A small and excited gathering with national flags assembled outside the arrival hall of George F.L. Charles airport on Thursday to welcome home the athletes who represented Saint Lucia at the 6th edition of the Commonwealth Youth Games in the Bahamas.
The two gold medals that the Saint Lucian athletes won were the most ever at these Games since Saint Lucia first took part in 2008.
Acting Prime Minister and Minister for Equity, Social Justice and Empowerment, Lenard Montoute, was among those welcoming the team at the Financial Administrative Centre at Pointe Seraphine.
“It’s amazing,” Montoute said. “I think two medals for Saint Lucia against some of the big names in Europe and the Caribbean like Jamaica and Trinidad and Tobago is magnificent. This is a proud moment for Saint Lucia.”
“I feel good for them, they worked hard and it paid off. I see this as an outstanding accomplishment,” Montoute added. “Those of you who did not succeed in winning medals, you, too in your own right are champions. You have represented Saint Lucia and distinguished yourselves.”
He continued: “To our champions, special congratulations to you. We as a nation share in the pride and glory you have achieved for us as a country and to be a champion is an outstanding accomplishment.”
He urged the athletes to recognize that their journey continues and that they should stay on the right path.
Montoute said that while government can never do enough, he pledged government’s commitment to more than what it had done in the past by correcting some of its shortcomings and to play its role in facilitating sportsmen and women.
Saint Lucia Olympic Committee’s First Vice-President, Lyndon Cooper, also congratulated the entire team for its tremendous achievement in the Bahamas.
He said: “Today marks the beginning or continuing journey for all sports in Saint Lucia. While the SLOC has been the governing body responsible for coordination of a number of international activities, we are mindful that the time has come for us to call on other private individuals to ensure the continuous development of all twenty national federations that are going to be placed at the forefront of the development agenda.”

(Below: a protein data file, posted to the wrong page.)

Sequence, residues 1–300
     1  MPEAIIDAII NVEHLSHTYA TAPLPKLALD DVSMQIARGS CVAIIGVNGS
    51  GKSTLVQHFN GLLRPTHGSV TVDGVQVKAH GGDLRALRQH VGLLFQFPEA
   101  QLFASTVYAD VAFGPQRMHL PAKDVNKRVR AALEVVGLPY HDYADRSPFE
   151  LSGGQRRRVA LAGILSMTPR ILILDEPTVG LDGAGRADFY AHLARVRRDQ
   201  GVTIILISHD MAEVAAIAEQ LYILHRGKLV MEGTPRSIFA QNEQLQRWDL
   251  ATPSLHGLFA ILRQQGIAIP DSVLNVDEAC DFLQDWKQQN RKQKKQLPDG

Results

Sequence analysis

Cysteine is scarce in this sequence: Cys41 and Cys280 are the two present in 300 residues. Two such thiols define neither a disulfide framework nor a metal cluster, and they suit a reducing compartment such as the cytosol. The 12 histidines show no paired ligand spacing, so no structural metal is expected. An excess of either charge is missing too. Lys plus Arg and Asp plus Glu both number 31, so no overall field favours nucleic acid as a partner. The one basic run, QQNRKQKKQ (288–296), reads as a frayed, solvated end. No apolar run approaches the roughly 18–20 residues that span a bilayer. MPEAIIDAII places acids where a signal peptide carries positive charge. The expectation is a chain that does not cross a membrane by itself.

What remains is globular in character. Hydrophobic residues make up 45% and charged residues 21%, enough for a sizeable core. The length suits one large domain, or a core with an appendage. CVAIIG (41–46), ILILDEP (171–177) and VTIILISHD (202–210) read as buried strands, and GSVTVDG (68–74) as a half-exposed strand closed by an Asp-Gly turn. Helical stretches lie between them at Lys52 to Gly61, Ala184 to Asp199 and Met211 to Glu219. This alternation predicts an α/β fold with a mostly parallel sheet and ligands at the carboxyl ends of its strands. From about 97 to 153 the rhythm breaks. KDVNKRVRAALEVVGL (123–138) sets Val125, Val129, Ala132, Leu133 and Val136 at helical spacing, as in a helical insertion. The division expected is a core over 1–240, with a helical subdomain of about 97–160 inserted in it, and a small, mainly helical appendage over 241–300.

“We are convinced that through sports, the youth can be given a fresh start as the SLOC was able to raise in excess of $200,000 for this journey and by the time we settled, it may climb to $290,000,” he added.
Cooper said it was the SLOC’s intention to continue seeking assistance from government and the private sector in order to ensure that all national federations continue to participate or train their athletes for the necessary journey.
“What it means is a simple theory: once we train hard, we work together as one organization and as a country, we can achieve every single goal that we set ourselves to,” he said.
He continued: “We continue to pledge our commitment to every single athlete. Once you begin to show your commitment through the development of your respective sport and your member association, we stand ready to assist you, no matter what the cost.”
Among those coming home with a medal were 16-year-old Julien Alfred, who stunned the other seven women in the 100-metres finals to win in a time of 11:56 seconds, and the beach football team who whipped favourites Trinidad and Tobago 6-2 in the finals.
“I went into the finals with a lot of confidence and focus. I’m very happy for the gold medal. I am very happy with my time of 11:56 seconds,” Julien told The VOICE.